Oil prices up on surprise fall in US crude stockpiles

US crude inventories fell by 2.1 million barrels last week, compared with analyst expectations for a build of 2.2 million barrels, American Petroleum Institute data showed. (The Texas Tribune via AP)
Updated 17 October 2018
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Oil prices up on surprise fall in US crude stockpiles

  • US crude inventories fell by 2.1 million barrels last week
  • ‘The market is reacting to the unexpected decline as inventories tend to rise at this time of year’

TOKYO: Oil prices extended gains into a fourth session on Wednesday, buoyed as industry data showed a surprise decline in US crude inventories.
US West Texas Intermediate crude was up 25 cents, or 0.4 percent, at $72.17 a barrel by 0648 GMT on Wednesday, having settled up 14 cents.
Brent crude was up 26 cents, or 0.3 percent, at $81.67 a barrel, after settling up 63 cents the session before. The global benchmark, which hit a more than two-week low late last week as equity markets dropped, is trading around $5 below a four-year high of $86.74 marked on Oct. 3.
US crude inventories fell by 2.1 million barrels last week, compared with analyst expectations for a build of 2.2 million barrels, American Petroleum Institute data showed after Tuesday’s settlement.
“The market is reacting to the unexpected decline as inventories tend to rise at this time of year,” said Tomomichi Akuta, senior economist at Mitsubishi UFJ Research and Consulting in Tokyo, adding that anxieties about the outlook for the global economy were capping gains.
US gasoline stocks dropped by a larger-than-expected 3.4 million barrels, while distillate fuel stockpiles declined by a smaller-than-expected 246,000 barrels, the API data showed.
Inventory data from the US Energy Department’s Energy Information Administration is due at 1430 GMT on Wednesday.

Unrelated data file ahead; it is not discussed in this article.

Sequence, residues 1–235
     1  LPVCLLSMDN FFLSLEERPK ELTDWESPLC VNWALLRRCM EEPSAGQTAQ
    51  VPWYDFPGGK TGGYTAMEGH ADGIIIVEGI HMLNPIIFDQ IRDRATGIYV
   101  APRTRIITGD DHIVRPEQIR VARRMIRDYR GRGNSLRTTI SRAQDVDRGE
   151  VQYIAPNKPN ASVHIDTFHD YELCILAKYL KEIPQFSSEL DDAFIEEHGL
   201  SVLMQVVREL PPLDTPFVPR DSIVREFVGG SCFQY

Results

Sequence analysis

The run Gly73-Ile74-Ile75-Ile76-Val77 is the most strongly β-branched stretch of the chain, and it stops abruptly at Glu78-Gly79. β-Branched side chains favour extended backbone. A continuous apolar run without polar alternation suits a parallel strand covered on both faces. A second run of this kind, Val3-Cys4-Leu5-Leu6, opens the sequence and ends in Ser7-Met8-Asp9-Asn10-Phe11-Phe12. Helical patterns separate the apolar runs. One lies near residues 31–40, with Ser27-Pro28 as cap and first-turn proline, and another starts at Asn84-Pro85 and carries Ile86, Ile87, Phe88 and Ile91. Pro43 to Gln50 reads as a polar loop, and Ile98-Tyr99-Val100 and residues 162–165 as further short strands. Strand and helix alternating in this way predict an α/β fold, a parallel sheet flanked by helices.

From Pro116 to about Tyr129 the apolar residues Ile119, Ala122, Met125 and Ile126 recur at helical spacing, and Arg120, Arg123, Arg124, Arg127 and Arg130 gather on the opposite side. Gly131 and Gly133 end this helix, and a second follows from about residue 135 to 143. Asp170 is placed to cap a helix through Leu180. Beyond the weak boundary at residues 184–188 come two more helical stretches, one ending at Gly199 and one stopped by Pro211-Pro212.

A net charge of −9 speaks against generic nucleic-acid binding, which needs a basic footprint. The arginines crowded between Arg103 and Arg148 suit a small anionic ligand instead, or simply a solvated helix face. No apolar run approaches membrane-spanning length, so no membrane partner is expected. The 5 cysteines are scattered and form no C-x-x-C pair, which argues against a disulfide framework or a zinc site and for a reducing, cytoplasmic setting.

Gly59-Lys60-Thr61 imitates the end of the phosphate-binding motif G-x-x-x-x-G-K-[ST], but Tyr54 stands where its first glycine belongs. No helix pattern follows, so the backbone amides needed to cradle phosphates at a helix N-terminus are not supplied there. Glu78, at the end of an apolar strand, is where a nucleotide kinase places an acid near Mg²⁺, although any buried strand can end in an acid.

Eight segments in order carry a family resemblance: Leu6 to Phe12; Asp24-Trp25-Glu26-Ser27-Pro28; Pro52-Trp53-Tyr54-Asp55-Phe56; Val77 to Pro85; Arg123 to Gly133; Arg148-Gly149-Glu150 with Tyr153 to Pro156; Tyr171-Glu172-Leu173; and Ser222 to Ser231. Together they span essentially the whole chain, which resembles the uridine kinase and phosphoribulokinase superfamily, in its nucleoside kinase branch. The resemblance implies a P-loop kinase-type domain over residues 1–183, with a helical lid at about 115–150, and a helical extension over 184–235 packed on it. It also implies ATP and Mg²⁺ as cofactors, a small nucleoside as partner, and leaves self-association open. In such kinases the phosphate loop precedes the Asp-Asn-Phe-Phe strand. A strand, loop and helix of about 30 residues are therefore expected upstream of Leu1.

A claim by the US that it aims to reduce Iran’s oil exports to zero is a “political bluff”, the head of the state-run National Iranian Oil Company was quoted as saying on Wednesday.
US sanctions on Iranian oil exports are due to kick in on Nov. 4, while Iran has accused Saudi Arabia and Russia of breaking an OPEC-led agreement on output cuts by producing more crude.


US poised to end waivers for 5 countries importing Iranian oil

Updated 22 April 2019
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US poised to end waivers for 5 countries importing Iranian oil

  • Japan, South Korea, Turkey, China and India were exempted from sanctions until May 2
  • Since November, Italy, Greece and Taiwan have stopped importing oil from Iran

WASHINGTON: The Trump administration is poised to tell five nations, including allies Japan, South Korea and Turkey, that they will no longer be exempt from US sanctions if they continue to import oil from Iran, officials said Sunday.
Secretary of State Mike Pompeo plans to announce on Monday that the administration will not renew sanctions waivers for the five countries when they expire on May 2, three US officials said. The others are China and India.
It was not immediately clear if any of the five would be given additional time to wind down their purchases or if they would be subject to US sanctions on May 3 if they do not immediately halt imports of Iranian oil.
The officials were not authorized to discuss the matter publicly and spoke on condition of anonymity ahead of Pompeo’s announcement.
The decision not to extend the waivers, which was first reported by The Washington Post, was finalized on Friday by President Donald Trump, according to the officials. They said it is intended to further ramp up pressure on Iran by strangling the revenue it gets from oil exports.
The administration granted eight oil sanctions waivers when it re-imposed sanctions on Iran after Trump pulled the US out of the landmark 2015 nuclear deal. They were granted in part to give those countries more time to find alternate energy sources but also to prevent a shock to global oil markets from the sudden removal of Iranian crude.
US officials now say they do not expect any significant reduction in the supply of oil given production increases by other countries, including the US itself and Saudi Arabia.
Since November, three of the eight — Italy, Greece and Taiwan — have stopped importing oil from Iran. The other five, however, have not, and have lobbied for their waivers to be extended.
NATO ally Turkey has made perhaps the most public case for an extension, with senior officials telling their US counterparts that Iranian oil is critical to meeting their country’s energy needs. They have also made the case that as a neighbor of Iran, Turkey cannot be expected to completely close its economy to Iranian goods.